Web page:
June swished the whip, which had the thickness of the top joint of
a fishing rod.  "Come on!"

They went round the corner, followed by June's tail.

There was no sign of any children.

"We'll go and tell the teacher."

"Nao."

"Why not?"

"They'll larrup me proper, if we do."

"Why don't they like you, Susie?  Is it because you're ugly?"
Susie wailed again.  "Don't cry!  It's not your fault that you're
ugly."

Susie wailed the louder.

Two small boys and a girl had suddenly appeared and stood pointing
in a somewhat vulgar manner.  June raised her whip.

The children nudged each other.

"Ill-bred little children!" said June, quoting from her governess.

One of the boys emitted a piercing whistle.

"Did you pinch little Susie Betters?"

The children laughed in a still more vulgar manner.

"You're dirty little morkins," cried June; "and I'm going to larrup
you."

The children gave before the onslaught, skipping sideways with
uncouth noises; one of the boys shoved June so that she tripped
over her tail, and sprawled, a small blue figure, on the ground.
The children, then, pinching Susie warmly, yelled in unison, and
vanished.

June rose, her habit dirty, her whip gone, her cheeks crimson.
Susie was wailing as she had not yet wailed.

"Don't!  It's babyish to cry."

"They pinched me again."

"Where?"

"On my ba-ase."

"Come with me, and show my Gran," said June.  "He'll soon astonish
their weak nerves.  You shall have my pudding, too.  Come on!"  And
she dragged the reluctant Susie to the mansion of old Jolyon.

"François," said June to the Swiss servant, "this is Susie Betters;
she's been pinched, and she's to have my pudding.  She isn't brave,
so she's not to be frightened.  I want my Gran to see her pinches.
Come on, Susie!"

Still tugging Susie, she passed into the dining-room.

Old Jolyon, who never went to the City on Saturdays, was in his
armchair by the fire, reading The Times and waiting for lunch to be
announced.  Across the dining table laid for five he looked at the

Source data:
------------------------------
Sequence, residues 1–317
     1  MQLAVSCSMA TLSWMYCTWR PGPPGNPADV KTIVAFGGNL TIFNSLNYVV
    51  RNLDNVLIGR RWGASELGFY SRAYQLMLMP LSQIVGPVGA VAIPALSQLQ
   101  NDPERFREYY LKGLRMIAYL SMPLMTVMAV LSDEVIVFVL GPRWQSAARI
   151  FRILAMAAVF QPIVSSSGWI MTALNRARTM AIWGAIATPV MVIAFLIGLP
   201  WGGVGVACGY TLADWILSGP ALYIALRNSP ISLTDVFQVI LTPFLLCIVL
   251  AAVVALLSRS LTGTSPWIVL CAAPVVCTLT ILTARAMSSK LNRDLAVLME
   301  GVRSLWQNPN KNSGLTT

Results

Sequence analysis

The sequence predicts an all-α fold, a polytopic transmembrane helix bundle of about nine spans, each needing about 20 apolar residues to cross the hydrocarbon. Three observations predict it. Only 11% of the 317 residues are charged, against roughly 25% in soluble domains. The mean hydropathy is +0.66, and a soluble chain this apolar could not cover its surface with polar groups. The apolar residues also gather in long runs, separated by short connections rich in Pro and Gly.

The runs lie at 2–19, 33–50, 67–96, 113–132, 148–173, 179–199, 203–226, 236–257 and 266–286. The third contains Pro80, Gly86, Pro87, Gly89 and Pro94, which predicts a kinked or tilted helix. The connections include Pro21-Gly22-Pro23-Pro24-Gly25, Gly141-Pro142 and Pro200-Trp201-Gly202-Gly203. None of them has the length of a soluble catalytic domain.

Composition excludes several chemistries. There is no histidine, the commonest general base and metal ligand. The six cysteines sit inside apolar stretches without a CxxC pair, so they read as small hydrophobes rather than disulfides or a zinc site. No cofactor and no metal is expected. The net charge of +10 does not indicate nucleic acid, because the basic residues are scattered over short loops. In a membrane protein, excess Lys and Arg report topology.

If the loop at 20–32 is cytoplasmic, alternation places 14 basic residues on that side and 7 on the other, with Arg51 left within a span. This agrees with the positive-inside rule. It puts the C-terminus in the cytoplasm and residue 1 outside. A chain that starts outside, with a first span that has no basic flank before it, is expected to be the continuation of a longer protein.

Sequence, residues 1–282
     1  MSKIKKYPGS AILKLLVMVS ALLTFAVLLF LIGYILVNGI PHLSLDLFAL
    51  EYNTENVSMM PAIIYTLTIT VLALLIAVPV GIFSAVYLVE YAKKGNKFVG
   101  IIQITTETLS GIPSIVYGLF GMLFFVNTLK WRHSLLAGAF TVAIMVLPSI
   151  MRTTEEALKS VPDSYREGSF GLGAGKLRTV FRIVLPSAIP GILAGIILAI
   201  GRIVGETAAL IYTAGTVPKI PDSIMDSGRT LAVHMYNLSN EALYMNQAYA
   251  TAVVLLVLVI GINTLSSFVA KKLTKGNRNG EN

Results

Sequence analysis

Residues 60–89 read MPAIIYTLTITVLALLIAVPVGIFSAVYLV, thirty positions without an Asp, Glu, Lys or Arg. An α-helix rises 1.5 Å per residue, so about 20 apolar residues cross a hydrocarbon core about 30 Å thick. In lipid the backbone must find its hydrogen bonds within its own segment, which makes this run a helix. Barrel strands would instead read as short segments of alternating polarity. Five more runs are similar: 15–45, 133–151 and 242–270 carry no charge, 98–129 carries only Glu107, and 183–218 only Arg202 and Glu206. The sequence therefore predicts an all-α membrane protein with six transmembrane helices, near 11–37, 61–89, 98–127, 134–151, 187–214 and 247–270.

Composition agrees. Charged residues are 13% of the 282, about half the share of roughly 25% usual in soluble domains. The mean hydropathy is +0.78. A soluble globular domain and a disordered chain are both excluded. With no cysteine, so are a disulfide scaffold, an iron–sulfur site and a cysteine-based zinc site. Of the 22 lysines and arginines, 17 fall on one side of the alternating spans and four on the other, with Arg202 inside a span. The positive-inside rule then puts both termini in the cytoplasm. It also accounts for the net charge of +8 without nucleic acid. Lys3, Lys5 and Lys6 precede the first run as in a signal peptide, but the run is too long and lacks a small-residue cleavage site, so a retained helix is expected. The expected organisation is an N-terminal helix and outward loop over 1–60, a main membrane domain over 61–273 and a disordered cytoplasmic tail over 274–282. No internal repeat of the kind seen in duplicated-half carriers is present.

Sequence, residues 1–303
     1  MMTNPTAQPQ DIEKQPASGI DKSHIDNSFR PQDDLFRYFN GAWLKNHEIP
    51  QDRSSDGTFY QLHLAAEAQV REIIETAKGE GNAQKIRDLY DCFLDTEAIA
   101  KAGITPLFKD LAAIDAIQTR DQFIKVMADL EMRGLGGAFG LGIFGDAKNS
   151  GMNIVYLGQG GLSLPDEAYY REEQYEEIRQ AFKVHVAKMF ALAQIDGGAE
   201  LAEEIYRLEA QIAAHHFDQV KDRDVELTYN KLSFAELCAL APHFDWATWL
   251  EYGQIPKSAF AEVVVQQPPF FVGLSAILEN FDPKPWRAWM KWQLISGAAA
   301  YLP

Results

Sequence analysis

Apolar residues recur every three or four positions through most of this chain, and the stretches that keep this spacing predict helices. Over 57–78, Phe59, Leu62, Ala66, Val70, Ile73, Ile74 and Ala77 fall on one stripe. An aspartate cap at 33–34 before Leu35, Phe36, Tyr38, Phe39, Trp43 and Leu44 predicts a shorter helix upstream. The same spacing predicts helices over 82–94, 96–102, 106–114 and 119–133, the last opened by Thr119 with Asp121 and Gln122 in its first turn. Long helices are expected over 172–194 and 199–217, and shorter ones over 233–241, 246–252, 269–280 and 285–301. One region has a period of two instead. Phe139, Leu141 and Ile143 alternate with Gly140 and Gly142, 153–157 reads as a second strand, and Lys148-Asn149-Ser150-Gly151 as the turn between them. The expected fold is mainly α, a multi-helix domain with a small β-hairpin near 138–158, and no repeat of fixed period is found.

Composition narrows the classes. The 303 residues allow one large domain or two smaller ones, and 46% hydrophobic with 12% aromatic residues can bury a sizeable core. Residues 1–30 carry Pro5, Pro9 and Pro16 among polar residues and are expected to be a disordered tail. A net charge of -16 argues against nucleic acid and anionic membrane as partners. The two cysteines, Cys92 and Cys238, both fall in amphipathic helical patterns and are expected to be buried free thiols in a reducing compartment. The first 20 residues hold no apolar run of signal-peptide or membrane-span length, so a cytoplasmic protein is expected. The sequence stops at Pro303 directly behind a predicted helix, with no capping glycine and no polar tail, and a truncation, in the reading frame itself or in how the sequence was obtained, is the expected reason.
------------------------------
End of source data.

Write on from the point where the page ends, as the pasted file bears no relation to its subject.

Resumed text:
two small figures, and his eyes twinkled.

"Well, my ducky, what have you got there?"

"Susie Betters, Gran; she's been pinched behind.  I wanted you to
see."

She pulled Susie round to the chair, whence old Jolyon looked
shrewdly at his coachman's daughter.

"H'm!" he said: "you're a thin little toad."

"Yes; she's going to have my pudding.  She's too thin altogether,
and she's too pale.  Her face is dirty, too, but it isn't her
fault."

"What's come to your habit?" said old Jolyon.  "Did you fall off?"

"Oh! no; I just sat down in the street while I was larruping those
morkins and they took my whip and ran away."

"H'm!  Pretty pair of shoes altogether!"

He stretched out and rang the bell.

"Take this little girl downstairs, François, and have her face
washed, and give her a good dinner; and tell that page chap to run
over and let Betters know she's here.  You go and get brushed," he
added to June, "before your mother sees you, and don't say anything
about it."

The two children went out.  In the hall June said:

"I want to see her face washed, François."

"Veree well, Mees June."

During lunch June fidgeted, with difficulty prevented by old
Jolyon's eyes from telling her story.

When her mother and governess had withdrawn, she approached her
grandfather, who had lighted his after-lunch cigar, and stood
between his knees.

"I'm going to be Susie Betters' friend, Gran."

"Oh!" said old Jolyon.  "Mite like you--picking up lame ducks."

"Is Susie a lame duck?"

Old Jolyon nodded.  "Shouldn't be surprised if they pinched her
more than ever now.  She looks to me a poor thing."

"Well, I'm going to protect her."

"How?" said old Jolyon, twinkling.

"I shall dare them to pinch her."

"First catch your hare--"

"I know," said June, suddenly.  "She can do lessons with ME, Gran,
instead of going to school."

Old Jolyon shook his head.

"That cock won't fight.  Coming to the Zoo?"

June clapped her hands, then said at once:

"No.  I must look after Susie."

Old Jolyon stared.  It was his first introduction to the real
nature of his little grand-daughter.

"She's a poor timid little stick," he said; "and you'll never make
anything of her."

When June had gone, he sat contemplating the ash of his cigar.
Children!  What things they thought of!  She would learn some day
that you couldn't go 'protecting' everything you came across.
Sooner the better, perhaps!  Generous little thing--though; giving
up the Zoo.  Lessons!  "What would her mother say to that?  She was
such a good woman--that you never knew."  And old Jolyon sighed.
If his son hadn't married such a good woman, it might all have
turned out very different; and Jo--Well, well!  A nap!  Just forty
winks.  And, crushing out his cigar, he leaned back with eyes fixed